The Who is celebrating the 50th anniversary of The Who Live at the Fillmore East 1968 with a restored and remastered edition on April 20th via Geffen Records/Universal Music Enterprises (UMe). The set will be available on 2 CD and 3 LP. Both sets include three Eddie Cochran numbers: “My Way,” “Summertime Blues” and the never before released Who version of “C’mon Everybody.”
Also featured is a rare cover version of “Fortune Teller” written by Allen Toussaint, originally recorded by Benny Spellman but made famous by The Rolling Stones. These shows also showcased “Tattoo” and “Relax” from The Who Sell Out as well as stunning extended versions of “A Quick One” and “My Generation” which becomes a 30-minute jam with a the climax of guitar-smashing and drum demolishment!
The double CD Deluxe Edition will be presented in a digipak with 12 page booklet containing new liner notes and rare photos. The triple vinyl will be presented in a gatefold sleeve with three printed inner bags and new liner notes and rare photos.
The Who were in New York to conclude a grueling tour on April 4th, 1968, the day that Dr. Martin Luther King Jr. was assassinated. America was already a country divided; Anti-Vietnam demonstrations, civil rights disturbances and militant student activism. With this turmoil as a backdrop on Friday and Saturday, April 5th and 6th, 1968, The Who performed two incendiary live sets at Bill Graham’s legendary Fillmore East on the lower East Side of Manhattan.
The venue had only just re-opened in March by Graham from its previous incarnation as the Village Theatre where the band had played on a couple of occasions the year before. The Who was the first British rock act to headline the Fillmore East and were booked to play four shows over the two nights. However, because of feared social unrest in the wake of Dr. King’s assassination, it was decided to compact the shows into one per night.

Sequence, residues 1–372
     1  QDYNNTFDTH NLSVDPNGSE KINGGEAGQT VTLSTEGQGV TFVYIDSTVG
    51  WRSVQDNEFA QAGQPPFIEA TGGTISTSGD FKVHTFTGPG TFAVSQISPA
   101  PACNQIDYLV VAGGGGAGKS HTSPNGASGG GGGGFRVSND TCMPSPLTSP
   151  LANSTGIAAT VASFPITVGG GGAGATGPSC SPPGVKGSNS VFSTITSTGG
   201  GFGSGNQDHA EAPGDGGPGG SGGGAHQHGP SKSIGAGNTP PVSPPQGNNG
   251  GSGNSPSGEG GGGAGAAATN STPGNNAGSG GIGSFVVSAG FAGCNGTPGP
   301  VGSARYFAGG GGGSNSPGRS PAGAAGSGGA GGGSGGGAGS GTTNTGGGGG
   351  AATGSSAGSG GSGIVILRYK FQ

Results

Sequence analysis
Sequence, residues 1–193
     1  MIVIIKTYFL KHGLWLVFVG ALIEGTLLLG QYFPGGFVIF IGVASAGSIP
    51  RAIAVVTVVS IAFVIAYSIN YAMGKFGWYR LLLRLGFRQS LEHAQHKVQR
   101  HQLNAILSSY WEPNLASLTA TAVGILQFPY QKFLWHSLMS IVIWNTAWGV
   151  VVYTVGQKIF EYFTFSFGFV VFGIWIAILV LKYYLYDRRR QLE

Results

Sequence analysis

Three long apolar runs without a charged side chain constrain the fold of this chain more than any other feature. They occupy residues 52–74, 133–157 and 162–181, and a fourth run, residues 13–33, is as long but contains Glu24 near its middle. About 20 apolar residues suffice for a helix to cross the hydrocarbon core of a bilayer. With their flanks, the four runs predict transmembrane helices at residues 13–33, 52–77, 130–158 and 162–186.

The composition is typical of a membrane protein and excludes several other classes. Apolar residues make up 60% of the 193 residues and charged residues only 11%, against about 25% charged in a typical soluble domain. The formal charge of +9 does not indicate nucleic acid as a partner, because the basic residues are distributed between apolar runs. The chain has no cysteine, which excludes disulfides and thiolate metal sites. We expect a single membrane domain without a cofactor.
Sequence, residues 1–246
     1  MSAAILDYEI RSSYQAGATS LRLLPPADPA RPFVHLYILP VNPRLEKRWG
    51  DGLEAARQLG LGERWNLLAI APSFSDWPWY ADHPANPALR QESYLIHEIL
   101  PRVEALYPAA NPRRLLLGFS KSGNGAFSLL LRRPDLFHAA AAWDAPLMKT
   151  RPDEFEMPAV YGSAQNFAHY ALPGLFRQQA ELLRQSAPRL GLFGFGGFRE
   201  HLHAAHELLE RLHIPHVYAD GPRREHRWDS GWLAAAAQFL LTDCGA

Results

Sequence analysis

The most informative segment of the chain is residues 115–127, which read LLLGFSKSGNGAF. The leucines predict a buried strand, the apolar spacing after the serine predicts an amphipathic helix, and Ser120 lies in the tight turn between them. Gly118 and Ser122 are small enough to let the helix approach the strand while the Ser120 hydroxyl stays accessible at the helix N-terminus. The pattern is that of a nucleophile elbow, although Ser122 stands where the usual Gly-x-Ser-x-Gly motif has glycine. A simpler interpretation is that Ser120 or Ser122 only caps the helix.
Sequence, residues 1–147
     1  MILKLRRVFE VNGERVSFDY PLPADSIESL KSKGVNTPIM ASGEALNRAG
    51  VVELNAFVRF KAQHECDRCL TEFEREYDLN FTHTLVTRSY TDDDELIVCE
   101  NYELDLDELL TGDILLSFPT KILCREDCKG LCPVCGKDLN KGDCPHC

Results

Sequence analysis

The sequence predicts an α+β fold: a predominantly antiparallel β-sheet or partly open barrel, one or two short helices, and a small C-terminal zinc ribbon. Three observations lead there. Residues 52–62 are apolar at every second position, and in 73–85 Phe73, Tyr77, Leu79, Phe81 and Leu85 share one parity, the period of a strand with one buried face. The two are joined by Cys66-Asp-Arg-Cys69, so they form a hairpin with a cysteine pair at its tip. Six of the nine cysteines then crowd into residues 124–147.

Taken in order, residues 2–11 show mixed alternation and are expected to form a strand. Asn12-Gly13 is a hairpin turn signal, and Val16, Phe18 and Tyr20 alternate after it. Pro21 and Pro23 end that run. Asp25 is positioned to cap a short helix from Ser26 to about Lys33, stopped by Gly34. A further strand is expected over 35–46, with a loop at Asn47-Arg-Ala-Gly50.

The Who’s time in New York City in 1968 can best be described as ‘lively’. Keith Moon’s antics with cherry bomb explosives had meant that the band had to move hotels. When installed in at the plush Waldorf Astoria, he then somehow managed to a blow a door off its hinges, and the band had to move once more.
On the morning of the Fillmore rehearsal, the band was photographed for Life magazine and legend has it that the band was so tired from Moon’s antics that they nodded out under the large Union Jack draped over them at the base of the Carl Schurz Monument in Morningside Park. This iconic image was later used as the cover and poster for The Who’s classic film The Kids Are Alright.
Both nights were recorded by Who manager Kit Lambert with the intention of releasing the results as The Who’s fourth album after The Who Sell Out and before Tommy. Disaster struck when it was discovered that due to faulty equipment or human error only part of the first night was captured. Thankfully the second night was recorded and has now been fully restored and mixed by long time Who sound engineer Bob Pridden (who was responsible for the band’s sound on those nights in 1968) from the original four-track tapes.
Thanks to an acetate reaching the bootleg market in the early ’70s, The Who’s reputation as rock’s most dynamic live act quickly grew. The show is regarded by fans as something of the “holy grail” of Who live shows equaling the legendary Live At Leeds album. The tapes have been meticulously remastered for optimum sound quality and will only serve to enhance The Who’s reputation as the best live act of the time.
- Summertime Blues
- Fortune Teller
- Little Billy
- I Can’t Explain
- Happy Jack
- I’m A Boy
- A Quick One
- My Way
- C’mon Everybody
- Shakin’ All Over
- Boris The Spider
Author: Buddy Iahn
Buddy Iahn founded The Music Universe when he decided to juxtapose his love of web design and music. As a lifelong drummer, he decided to take a hiatus from playing music to report it. The website began as a fun project in 2013 to one of the top independent news sites.